In June, Barclays launched its Family Affordability Plan, which allows the borrower to take out a joint mortgage with their parents while keeping the property in the child’s sole name. This removes any potential capital gains tax issue for the parents when the property is sold.

David Hollingworth of London & Country, the mortgage broker, said taking out a joint mortgage is becoming more popular. However, he admitted there are drawbacks. Parents named on the mortgage are equally responsible for mortgage payments and if their child cannot make the payments the parents will be liable.

In a similar scheme, parents can become guarantors of their child’s mortgage, either by using their income or through the spare equity in their own home.

Several lenders, such as National Counties Building Society and Bath Building Society, allow people to borrow up to 95 per cent of the property’s value by taking a charge over the parents’ home.

This can result in cheaper mortgage rates for the borrower. For example, National Counties has a three-year fixed-rate at 4.89 per cent, with a £495 fee. A comparable standard 95 per cent mortgage deal has a rate of 5.49 per cent, with a £998 fee, from Melton Mowbray Building Society.

FT Money Show podcast

Listen to the FT Money team discuss ‘pensions for property’ on the FT Money podcast

Aldermore Mortgages offers a similar product, the Family Guarantee Mortgage, to allow borrowing of up to 100 per cent. It requires parents to guarantee any borrowing above 75 per cent loan-to-value with spare equity in their property.

As with the joint mortgage scheme, if the borrower fails to keep up with their payments the guarantor is liable for the value of the guarantee.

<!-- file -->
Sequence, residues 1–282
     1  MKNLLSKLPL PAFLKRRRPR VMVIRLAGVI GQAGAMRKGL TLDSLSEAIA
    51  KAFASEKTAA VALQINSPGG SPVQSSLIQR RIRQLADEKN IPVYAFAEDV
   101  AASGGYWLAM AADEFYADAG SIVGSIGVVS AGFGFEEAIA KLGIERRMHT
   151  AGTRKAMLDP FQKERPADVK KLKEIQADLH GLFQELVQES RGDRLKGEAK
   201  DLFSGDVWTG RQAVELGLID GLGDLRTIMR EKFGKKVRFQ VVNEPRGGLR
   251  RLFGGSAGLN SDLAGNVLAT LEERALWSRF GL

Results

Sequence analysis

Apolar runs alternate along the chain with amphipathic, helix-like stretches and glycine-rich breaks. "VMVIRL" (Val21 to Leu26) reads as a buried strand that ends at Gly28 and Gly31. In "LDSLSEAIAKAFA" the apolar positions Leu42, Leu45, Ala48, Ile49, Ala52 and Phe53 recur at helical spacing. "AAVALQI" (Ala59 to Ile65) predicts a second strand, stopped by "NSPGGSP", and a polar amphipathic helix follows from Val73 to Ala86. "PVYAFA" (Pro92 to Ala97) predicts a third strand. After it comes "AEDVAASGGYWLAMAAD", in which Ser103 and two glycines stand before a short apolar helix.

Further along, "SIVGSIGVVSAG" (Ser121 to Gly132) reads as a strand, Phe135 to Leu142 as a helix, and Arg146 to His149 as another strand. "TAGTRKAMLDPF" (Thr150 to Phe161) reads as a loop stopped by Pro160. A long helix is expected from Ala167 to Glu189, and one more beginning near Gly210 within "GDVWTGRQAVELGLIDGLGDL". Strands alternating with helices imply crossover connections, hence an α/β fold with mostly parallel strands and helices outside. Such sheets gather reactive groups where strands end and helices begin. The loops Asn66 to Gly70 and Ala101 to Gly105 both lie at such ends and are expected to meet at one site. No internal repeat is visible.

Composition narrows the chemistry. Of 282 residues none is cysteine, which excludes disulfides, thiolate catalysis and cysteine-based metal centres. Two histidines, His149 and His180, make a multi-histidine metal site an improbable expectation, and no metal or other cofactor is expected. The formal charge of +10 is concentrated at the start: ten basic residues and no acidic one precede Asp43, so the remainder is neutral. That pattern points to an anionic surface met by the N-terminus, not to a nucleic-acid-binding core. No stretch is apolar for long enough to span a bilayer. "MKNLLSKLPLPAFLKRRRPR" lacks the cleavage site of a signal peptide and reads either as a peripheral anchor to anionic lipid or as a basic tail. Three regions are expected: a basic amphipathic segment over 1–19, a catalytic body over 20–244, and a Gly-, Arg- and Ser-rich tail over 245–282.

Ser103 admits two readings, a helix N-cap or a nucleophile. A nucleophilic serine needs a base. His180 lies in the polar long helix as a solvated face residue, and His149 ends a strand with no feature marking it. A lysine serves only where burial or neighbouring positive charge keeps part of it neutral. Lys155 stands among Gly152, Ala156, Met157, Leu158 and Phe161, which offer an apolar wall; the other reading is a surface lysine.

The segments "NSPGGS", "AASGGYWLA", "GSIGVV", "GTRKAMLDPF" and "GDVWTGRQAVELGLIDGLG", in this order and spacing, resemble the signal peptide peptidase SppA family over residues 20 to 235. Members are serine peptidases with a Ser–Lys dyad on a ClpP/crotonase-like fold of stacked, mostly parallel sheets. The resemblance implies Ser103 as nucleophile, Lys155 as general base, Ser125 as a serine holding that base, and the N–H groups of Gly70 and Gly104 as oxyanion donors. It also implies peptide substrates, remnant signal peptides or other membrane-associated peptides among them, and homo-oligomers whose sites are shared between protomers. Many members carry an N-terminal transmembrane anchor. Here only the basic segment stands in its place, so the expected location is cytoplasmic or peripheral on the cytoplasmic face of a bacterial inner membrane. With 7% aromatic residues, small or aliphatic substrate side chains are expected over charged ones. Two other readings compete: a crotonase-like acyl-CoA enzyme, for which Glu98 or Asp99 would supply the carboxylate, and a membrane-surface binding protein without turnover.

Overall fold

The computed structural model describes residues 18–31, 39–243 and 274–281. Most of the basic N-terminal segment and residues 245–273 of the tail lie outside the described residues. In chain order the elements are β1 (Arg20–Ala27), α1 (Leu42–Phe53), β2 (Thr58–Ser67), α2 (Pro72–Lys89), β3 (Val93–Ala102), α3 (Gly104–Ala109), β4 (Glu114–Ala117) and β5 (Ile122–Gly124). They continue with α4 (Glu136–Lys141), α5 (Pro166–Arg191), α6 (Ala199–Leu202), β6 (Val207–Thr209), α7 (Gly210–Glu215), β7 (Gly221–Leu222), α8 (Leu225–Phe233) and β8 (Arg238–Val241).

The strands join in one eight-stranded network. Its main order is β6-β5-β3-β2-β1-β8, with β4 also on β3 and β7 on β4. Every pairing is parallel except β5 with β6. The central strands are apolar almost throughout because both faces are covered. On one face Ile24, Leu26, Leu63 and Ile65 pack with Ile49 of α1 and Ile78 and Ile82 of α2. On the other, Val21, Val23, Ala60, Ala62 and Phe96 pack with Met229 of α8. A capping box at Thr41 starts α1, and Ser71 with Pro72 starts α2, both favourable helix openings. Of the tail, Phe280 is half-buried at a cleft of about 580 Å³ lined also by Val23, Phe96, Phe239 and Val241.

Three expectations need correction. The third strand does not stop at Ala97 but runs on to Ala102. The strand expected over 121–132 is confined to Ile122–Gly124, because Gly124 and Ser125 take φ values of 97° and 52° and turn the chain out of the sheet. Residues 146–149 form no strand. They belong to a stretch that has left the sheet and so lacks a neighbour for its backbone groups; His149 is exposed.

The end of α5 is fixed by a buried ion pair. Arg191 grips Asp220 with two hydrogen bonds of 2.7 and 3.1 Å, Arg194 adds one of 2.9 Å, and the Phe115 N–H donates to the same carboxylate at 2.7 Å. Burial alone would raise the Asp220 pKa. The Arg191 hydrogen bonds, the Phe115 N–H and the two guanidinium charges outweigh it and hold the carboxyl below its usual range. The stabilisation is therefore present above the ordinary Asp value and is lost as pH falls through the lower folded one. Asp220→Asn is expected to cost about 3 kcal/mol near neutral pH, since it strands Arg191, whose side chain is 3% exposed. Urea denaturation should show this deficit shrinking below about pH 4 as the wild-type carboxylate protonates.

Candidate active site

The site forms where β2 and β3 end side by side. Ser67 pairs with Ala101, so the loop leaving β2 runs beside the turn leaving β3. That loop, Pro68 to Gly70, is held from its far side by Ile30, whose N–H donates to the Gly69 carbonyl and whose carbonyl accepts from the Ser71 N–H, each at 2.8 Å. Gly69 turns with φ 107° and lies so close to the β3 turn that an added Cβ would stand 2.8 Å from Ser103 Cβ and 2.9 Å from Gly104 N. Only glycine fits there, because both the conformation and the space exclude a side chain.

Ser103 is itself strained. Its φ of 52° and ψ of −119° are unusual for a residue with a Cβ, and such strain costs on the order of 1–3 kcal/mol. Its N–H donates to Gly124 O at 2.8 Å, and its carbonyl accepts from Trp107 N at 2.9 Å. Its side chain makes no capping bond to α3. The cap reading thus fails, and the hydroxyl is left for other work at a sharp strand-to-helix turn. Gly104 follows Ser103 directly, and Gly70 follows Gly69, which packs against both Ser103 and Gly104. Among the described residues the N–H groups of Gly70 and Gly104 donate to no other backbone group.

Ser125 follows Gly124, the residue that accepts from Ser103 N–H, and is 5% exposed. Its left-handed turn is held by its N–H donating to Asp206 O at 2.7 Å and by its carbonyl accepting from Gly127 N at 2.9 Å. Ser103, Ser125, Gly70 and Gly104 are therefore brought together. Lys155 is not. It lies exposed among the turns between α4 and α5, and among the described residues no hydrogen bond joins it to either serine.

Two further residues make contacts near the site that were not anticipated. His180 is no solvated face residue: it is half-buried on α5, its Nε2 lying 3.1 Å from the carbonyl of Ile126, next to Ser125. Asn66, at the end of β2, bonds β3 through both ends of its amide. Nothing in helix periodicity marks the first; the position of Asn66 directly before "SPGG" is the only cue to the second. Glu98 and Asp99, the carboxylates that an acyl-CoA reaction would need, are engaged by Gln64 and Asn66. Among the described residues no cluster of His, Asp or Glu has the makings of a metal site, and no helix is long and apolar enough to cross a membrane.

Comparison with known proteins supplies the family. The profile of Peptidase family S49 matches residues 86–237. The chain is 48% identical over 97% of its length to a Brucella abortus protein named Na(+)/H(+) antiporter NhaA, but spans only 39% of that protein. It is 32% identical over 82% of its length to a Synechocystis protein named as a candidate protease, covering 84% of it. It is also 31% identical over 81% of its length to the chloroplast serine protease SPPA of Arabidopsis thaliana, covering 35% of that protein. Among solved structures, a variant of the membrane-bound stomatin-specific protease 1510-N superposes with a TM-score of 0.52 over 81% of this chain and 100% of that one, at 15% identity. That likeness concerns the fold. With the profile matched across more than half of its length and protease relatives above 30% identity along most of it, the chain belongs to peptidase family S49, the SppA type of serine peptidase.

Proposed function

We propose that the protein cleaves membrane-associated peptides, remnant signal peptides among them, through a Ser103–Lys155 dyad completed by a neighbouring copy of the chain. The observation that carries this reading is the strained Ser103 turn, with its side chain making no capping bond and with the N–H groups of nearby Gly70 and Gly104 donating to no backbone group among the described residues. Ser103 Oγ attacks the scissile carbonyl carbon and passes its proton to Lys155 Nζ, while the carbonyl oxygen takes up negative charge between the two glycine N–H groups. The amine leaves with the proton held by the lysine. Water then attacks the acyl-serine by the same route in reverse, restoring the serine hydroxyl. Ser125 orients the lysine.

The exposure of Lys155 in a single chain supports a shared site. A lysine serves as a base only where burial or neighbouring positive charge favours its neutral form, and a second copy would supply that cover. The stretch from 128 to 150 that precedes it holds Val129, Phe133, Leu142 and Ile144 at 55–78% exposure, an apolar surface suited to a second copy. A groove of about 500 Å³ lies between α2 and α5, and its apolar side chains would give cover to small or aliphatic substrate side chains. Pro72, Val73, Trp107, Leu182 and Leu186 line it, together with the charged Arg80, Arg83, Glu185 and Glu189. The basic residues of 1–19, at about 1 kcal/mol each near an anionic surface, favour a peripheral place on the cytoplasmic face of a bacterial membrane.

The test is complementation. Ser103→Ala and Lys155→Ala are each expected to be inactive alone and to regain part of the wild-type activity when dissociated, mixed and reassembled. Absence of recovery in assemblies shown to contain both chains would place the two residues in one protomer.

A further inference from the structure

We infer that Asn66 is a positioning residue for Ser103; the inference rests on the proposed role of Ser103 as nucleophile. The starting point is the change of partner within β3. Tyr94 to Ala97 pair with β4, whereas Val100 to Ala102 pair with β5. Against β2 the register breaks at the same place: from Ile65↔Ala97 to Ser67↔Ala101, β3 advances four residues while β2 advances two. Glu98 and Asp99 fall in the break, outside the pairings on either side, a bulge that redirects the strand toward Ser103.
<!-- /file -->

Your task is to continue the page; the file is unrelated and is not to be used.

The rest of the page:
“With any of these schemes, parents and grandparents should seek advice, particularly if the lender is taking a charge over their property,” said Mark Harris of SPF Private Clients. “Depending on the details of the guarantee, they may be restricted from borrowing in their own right until the restriction is lifted so it’s important to understand what they are getting into beforehand.”

For those that do not want to hand over money to their children, using savings as security is an alternative option. Lloyds TSB’s Lend a Hand scheme allows borrowers to take out a mortgage with a deposit of 5 per cent, with their parents putting 20 per cent of the purchase price in a savings account with Lloyds as security. This enables the borrower to qualify for lower rates than a standard 95 per cent mortgage deal.

Under this scheme, parents have to lock up their money for a minimum of 42 months, but earn an interest rate of 3.7 per cent on their savings.

Simren Priestley, 24, who works in public relations, exchanged contracts on a studio flat in Wandsworth last Friday, which was bought through the Lend a Hand scheme.

“There is no way I could have done this without help from my parents,” she explained. Her parents put 20 per cent of the purchase price into the Lloyds savings account, and also helped her with her deposit.

However, some advisers are concerned that young adults are being encouraged to get into more debt that they can handle. Clive Fortes, a partner at actuary Hymans Robertson, warned that, with the rise of university tuition fees, there is a worry that young adults are being saddled with so much debt that they will spend most of their lives working to pay off their debts with little chance to save for their retirement.